JOHN RUSTIN: I know that you mentioned this earlier, but during the so-called “Great Recession” in the late 2000’s, many states chose not to raise taxes but instead expanded various forms of state-sponsored gambling, whether they had those forms of gambling already and sought to just increase the existence of them, or to institute additional forms of gambling in an attempt to generate more revenue for the state. Is this something that worked, according to your research, or are those states experiencing different types of results as a response to that?
LUCY DADAYAN: Raising taxes from gambling are politically more feasible, and tax revenues from gambling have been very popular during the “Great Recession.” The overall trends indicate that despite the fact that many states have turned to gambling over the past eight years, we see that the growth in tax and fee revenues from major types of gambling have not kept the pace with the growth in state and local government tax collection or overall the economy. So, to answer your question, no, it did not work.
JOHN RUSTIN: Now you show in the report that gambling revenue, including lottery revenue, also did not do well in 2015, especially compared to 2014. How many states saw declines in gambling revenues last year, and what about North Carolina, how did the lottery perform in North Carolina during the last year?
LUCY DADAYAN: Inflation adjusted lottery revenue collection declined by $31 million, or 0.7 percent from fiscal year 2014 to 2015. Looking at all states, about 27 states saw declines in lottery revenues in 2015, and 16 states saw growth. North Carolina actually reported growth at 3.3 percent in real terms. It’s true that revenues from lottery in North Carolina have been increasing year after year; however, lottery revenues in North Carolina did not really supplement education spending, which was the promise that the lawmakers made in 2005 while debating the legalization of lottery. Actually, there have been some studies conducted indicating that North Carolina is spending less per student on public education than before the lottery was first passed.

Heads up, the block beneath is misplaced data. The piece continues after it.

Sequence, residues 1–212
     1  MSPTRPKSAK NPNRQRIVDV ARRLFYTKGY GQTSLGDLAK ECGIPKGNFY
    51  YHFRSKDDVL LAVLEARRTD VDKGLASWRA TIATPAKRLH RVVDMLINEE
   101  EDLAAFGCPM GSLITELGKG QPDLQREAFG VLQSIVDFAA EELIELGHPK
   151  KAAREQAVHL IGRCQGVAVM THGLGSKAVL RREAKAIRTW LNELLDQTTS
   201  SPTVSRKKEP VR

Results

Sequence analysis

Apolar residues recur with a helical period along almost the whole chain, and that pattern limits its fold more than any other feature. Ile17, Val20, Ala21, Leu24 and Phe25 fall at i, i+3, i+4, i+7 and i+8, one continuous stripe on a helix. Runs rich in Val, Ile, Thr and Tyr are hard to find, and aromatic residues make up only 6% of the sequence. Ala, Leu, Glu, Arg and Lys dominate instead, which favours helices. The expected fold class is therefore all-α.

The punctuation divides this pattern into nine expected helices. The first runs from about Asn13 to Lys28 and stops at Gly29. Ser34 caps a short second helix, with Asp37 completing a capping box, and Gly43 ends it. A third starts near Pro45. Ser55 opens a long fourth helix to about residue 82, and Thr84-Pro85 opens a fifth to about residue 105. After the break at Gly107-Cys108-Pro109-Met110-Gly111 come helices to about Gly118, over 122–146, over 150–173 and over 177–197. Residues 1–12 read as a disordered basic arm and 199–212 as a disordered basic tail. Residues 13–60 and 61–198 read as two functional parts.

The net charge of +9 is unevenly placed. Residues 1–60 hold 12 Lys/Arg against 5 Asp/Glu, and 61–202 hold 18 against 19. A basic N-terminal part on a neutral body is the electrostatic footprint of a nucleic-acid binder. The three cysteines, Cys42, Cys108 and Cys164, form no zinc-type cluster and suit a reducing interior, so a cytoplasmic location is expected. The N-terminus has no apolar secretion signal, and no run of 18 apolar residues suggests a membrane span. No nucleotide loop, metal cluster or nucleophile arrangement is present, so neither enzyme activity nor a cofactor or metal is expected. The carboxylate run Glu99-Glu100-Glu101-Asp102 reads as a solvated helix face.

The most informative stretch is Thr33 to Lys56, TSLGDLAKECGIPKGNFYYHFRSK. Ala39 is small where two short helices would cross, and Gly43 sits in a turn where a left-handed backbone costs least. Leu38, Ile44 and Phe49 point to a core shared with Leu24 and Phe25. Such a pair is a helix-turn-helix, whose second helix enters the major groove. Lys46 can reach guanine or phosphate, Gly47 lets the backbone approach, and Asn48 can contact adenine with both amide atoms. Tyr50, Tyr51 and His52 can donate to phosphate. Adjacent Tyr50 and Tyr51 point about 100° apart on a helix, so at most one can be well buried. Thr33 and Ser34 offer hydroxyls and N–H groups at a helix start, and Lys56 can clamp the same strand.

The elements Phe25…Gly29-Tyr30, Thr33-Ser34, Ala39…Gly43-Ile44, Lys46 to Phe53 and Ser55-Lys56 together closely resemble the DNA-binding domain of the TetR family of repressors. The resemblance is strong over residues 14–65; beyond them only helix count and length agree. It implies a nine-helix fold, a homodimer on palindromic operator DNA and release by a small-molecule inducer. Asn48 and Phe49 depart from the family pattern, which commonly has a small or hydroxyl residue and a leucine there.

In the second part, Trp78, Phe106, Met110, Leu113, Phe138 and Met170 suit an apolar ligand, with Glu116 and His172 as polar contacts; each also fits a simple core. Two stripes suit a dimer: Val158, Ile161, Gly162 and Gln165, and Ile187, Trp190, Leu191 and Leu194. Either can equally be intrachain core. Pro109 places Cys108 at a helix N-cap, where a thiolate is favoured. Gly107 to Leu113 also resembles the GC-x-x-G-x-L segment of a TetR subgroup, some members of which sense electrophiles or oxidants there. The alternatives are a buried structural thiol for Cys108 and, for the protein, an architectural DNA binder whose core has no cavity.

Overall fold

JOHN RUSTIN: That’s interesting, and I know that as you said a major issue that was discussed in 2005, and in years prior to that as the lottery was debated is that those revenues would be used to supplement as opposed to supplant existing education dollars, and according to what you’ve said, it looks like the lottery is not living through on that promise…. Well, Lucy, based on your analysis, what is causing the decline in gambling and lottery revenue in states where we’ve seen those declines?
LUCY DADAYAN: I would say competition and cannibalization are the main drivers of declines in gambling revenues. They are certainly other factors as well. For example, the Great Recession has a significant impact on American’s discretionary spending behavior. Overall, today, Americans are saving more and spending less on discretionary items, and certainly spending on gambling is a discretionary spending category. Another factor is the changing demographic patterns. Gambling in general attracts the elderly population, and the gambling industry tries really hard to engage the Millennial population.
JOHN RUSTIN: You used the term “cannibalization.” Can you explain that a little bit for our listeners?
LUCY DADAYAN: The term cannibalization or substitution, they are mostly synonyms, and they refer to the shift of spending on one type of activity to another type. So cannibalization refers to the substitution on spending of the same gambling activity within different geographical locations. For example, because of the expansion of casinos, we have seen a lot of evidence for cannibalization, and gamblers no longer drove to neighboring states to spend time and money on casinos [because] they stayed in their home states, which was the case between New Jersey and Pennsylvania. When Pennsylvania legalized casino operations, state officials in New Jersey blamed Pennsylvania for seeing declines for casino revenues in their home state.